Political abuse of psychiatry in the Soviet Union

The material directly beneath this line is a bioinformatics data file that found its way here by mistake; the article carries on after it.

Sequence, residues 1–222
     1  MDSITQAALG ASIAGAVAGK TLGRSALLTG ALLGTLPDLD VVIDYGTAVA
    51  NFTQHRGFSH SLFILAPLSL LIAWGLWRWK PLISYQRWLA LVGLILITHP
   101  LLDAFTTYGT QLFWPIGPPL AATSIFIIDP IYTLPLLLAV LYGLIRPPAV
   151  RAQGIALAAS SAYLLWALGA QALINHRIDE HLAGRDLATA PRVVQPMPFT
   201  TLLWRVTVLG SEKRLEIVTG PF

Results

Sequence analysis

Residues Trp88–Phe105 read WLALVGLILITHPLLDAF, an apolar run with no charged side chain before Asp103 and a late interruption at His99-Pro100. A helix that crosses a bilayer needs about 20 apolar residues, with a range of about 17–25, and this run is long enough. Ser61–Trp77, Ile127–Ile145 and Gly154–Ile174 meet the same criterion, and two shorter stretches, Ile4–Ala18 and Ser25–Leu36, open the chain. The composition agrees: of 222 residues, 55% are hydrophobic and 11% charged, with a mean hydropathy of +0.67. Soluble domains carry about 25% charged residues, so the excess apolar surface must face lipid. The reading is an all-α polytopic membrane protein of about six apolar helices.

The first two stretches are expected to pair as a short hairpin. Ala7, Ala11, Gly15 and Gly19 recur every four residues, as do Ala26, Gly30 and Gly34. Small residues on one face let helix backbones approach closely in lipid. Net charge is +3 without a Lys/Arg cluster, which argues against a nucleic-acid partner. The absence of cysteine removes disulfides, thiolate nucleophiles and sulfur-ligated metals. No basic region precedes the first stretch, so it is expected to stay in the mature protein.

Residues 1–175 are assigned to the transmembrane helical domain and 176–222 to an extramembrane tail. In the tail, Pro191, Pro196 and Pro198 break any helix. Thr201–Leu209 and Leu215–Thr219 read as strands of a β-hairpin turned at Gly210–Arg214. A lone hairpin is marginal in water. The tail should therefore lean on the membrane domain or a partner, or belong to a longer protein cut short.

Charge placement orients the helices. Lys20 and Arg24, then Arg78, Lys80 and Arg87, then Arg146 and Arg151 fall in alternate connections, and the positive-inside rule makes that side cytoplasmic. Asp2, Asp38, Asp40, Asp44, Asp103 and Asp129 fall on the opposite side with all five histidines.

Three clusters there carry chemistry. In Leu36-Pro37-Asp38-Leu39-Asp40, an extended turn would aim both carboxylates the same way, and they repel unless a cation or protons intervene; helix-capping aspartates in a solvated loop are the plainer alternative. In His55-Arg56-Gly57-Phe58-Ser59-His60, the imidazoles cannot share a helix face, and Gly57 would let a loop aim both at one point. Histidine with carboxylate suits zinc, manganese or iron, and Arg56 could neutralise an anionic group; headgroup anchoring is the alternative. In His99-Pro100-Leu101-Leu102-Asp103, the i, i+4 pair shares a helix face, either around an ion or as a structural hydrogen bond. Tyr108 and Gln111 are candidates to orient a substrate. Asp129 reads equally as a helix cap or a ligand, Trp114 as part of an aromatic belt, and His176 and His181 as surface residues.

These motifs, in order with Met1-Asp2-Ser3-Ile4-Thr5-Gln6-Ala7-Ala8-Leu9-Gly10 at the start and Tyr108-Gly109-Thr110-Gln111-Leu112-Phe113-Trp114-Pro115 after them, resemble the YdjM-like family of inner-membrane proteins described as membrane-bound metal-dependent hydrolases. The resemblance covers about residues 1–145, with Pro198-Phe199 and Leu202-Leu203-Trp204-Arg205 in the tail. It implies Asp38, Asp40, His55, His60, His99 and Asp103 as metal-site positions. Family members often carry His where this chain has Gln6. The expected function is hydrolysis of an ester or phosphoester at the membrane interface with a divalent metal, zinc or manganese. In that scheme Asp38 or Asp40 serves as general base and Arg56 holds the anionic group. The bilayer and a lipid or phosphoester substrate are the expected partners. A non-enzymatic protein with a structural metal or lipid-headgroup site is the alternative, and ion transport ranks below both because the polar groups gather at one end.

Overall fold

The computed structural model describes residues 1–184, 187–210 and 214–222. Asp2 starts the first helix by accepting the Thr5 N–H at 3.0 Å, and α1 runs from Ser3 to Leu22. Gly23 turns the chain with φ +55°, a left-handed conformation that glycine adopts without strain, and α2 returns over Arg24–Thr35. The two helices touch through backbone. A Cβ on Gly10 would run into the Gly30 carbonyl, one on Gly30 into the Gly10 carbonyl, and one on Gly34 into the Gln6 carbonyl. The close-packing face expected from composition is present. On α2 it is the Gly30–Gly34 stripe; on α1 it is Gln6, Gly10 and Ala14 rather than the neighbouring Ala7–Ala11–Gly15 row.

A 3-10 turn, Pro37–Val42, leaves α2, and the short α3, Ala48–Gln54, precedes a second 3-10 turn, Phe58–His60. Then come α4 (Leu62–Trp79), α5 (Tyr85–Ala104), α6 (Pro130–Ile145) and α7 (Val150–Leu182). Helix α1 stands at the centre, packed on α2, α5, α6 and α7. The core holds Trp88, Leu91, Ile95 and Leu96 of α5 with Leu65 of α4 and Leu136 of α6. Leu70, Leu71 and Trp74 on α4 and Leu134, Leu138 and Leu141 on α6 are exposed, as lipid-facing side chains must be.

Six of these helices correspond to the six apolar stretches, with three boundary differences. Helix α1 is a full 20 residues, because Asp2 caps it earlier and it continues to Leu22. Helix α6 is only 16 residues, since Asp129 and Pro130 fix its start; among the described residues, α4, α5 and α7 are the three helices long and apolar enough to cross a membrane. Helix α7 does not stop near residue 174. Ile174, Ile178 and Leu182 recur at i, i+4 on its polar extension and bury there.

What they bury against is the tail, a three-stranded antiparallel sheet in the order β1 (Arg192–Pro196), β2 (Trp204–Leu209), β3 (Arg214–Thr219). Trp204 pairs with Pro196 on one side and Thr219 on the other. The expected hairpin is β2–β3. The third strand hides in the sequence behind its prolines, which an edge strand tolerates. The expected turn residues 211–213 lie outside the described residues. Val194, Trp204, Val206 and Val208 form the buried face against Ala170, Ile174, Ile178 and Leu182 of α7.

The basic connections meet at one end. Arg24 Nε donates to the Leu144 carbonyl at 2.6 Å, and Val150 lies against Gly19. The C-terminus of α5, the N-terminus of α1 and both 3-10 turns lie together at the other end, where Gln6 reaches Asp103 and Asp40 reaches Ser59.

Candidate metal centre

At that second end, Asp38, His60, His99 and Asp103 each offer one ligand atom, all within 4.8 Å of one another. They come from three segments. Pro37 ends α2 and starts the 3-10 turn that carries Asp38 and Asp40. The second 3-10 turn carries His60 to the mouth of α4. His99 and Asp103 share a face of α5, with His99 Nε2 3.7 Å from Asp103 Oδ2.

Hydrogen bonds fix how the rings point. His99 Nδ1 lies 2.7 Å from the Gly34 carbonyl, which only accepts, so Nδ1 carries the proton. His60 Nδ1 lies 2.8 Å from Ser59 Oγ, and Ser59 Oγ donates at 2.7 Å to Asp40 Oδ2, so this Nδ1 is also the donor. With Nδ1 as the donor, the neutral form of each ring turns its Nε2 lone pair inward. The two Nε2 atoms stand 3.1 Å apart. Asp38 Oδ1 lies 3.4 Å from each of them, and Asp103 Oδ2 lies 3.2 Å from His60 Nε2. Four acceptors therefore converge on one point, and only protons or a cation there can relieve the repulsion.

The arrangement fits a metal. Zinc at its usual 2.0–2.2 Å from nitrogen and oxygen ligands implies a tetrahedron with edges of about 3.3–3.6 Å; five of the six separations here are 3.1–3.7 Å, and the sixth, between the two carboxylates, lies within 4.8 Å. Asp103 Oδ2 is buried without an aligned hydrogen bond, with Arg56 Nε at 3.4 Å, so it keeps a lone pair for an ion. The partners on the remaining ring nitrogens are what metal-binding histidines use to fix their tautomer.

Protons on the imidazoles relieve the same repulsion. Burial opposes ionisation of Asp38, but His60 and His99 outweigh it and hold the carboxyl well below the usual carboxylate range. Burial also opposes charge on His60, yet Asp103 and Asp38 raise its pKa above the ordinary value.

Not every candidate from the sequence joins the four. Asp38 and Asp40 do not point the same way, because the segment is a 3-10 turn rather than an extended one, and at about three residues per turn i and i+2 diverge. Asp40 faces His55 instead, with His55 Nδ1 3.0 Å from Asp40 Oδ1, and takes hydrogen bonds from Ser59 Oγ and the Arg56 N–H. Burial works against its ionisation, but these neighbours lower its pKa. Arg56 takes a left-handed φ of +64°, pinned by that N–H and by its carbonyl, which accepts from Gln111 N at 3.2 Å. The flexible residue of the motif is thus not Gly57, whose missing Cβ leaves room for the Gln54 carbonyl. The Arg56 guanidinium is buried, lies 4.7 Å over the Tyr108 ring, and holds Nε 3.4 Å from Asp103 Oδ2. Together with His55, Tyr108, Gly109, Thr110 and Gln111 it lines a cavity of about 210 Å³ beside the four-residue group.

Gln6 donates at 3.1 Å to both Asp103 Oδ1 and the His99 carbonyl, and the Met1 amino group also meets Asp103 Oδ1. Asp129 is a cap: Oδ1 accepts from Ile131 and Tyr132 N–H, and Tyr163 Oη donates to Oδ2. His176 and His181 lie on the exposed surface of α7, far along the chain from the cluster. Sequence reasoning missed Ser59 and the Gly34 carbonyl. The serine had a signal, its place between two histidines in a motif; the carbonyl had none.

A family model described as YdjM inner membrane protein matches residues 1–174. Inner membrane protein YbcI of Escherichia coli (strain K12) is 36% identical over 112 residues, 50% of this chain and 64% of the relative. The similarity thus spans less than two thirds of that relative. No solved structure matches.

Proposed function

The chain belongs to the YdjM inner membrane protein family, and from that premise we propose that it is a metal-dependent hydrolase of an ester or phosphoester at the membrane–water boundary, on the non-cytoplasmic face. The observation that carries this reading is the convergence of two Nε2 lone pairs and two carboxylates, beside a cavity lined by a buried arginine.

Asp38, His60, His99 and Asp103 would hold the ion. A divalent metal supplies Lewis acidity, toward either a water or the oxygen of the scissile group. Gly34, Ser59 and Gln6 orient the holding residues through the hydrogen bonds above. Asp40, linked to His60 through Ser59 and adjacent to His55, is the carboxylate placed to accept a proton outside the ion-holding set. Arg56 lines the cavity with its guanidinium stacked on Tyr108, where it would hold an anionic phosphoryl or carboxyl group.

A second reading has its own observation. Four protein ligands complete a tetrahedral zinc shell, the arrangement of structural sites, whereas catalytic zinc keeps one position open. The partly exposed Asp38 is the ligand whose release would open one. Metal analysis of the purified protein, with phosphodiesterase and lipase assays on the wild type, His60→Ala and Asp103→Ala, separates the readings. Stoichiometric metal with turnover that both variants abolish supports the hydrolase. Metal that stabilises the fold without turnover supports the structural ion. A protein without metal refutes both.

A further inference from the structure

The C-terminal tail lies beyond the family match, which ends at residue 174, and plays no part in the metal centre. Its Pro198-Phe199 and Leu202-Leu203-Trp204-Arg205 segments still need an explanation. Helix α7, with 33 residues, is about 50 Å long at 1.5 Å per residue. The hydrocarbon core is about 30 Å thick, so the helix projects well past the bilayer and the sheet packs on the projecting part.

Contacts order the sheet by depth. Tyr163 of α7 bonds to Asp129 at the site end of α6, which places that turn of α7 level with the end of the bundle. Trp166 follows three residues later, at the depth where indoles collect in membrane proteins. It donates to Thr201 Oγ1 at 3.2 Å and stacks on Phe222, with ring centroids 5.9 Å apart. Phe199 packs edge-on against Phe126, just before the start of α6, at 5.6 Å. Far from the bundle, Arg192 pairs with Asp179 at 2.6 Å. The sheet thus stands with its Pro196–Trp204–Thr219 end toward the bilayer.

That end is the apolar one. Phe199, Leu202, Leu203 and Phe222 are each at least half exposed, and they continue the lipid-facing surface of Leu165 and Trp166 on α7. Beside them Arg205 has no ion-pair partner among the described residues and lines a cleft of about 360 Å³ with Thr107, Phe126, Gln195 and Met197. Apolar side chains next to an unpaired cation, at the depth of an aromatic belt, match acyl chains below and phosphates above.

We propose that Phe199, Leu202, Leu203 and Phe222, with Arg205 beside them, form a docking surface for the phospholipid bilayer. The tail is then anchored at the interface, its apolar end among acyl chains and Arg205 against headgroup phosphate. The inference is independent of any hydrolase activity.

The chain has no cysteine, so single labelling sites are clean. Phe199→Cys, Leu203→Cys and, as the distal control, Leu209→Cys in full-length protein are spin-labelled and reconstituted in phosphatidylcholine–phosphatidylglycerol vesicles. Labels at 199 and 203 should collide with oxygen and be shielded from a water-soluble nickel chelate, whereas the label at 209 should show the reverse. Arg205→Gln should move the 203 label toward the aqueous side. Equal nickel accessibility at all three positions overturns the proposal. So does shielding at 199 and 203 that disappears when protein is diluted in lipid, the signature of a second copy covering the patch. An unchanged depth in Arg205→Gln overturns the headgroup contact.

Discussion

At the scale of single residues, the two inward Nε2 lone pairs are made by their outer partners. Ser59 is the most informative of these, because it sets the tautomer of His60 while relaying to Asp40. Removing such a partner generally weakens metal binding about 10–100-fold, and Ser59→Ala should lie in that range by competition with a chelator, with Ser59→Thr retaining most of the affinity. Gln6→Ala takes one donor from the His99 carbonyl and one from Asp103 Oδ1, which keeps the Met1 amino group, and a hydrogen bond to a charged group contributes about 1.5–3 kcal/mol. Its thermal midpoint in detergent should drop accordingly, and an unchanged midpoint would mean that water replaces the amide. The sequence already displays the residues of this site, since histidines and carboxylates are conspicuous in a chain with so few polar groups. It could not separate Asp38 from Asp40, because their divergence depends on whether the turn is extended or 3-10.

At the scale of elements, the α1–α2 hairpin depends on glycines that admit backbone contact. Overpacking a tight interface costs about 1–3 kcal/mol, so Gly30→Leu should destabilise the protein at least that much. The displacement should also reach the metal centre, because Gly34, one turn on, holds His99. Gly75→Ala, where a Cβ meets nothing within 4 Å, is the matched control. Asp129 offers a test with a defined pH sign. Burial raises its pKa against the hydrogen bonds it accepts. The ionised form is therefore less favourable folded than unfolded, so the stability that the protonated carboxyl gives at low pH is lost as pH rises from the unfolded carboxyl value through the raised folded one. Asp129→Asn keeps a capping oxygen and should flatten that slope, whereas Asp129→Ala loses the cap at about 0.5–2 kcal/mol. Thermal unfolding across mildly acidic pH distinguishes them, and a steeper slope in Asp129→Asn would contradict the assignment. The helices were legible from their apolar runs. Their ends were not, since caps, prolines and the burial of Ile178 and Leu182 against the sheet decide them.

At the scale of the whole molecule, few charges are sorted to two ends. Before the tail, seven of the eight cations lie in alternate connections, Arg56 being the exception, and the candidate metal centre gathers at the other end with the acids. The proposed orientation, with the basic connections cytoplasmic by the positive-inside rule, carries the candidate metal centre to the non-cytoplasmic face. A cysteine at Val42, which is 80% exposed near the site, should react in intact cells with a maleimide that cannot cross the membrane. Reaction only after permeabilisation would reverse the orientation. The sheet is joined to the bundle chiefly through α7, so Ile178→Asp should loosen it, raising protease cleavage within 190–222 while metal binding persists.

There was systematic political abuse of psychiatry in the Soviet Union, based on the interpretation of political opposition or dissent as a psychiatric problem. It was called ""psychopathological mechanisms"" of dissent.During the leadership of General Secretary Leonid Brezhnev, psychiatry was used to disable and remove from society political opponents (""dissidents"") who openly expressed beliefs that contradicted the official dogma. The term ""philosophical intoxication"", for instance, was widely applied to the mental disorders diagnosed when people disagreed with the country's Communist leaders and, by referring to the writings of the Founding Fathers of Marxism–Leninism — Karl Marx, Friedrich Engels, and Vladimir Lenin — made them the target of criticism.Article 58-10 of the Stalin-era Criminal Code, ""Anti-Soviet agitation"", was to a considerable degree preserved in the new 1958 RSFSR Criminal Code as Article 70 ""Anti-Soviet agitation and propaganda"". In 1967 a weaker law, Article 190-1 ""Dissemination of fabrications known to be false, which defame the Soviet political and social system"", was added to the RSFSR Criminal Code. These laws were frequently applied in conjunction with the system of diagnosis for mental illness, developed by Academician Andrei Snezhnevsky. Together they established a framework within which non-standard beliefs could easily be defined as a criminal offence and the basis, subsequently, for a psychiatric diagnosis.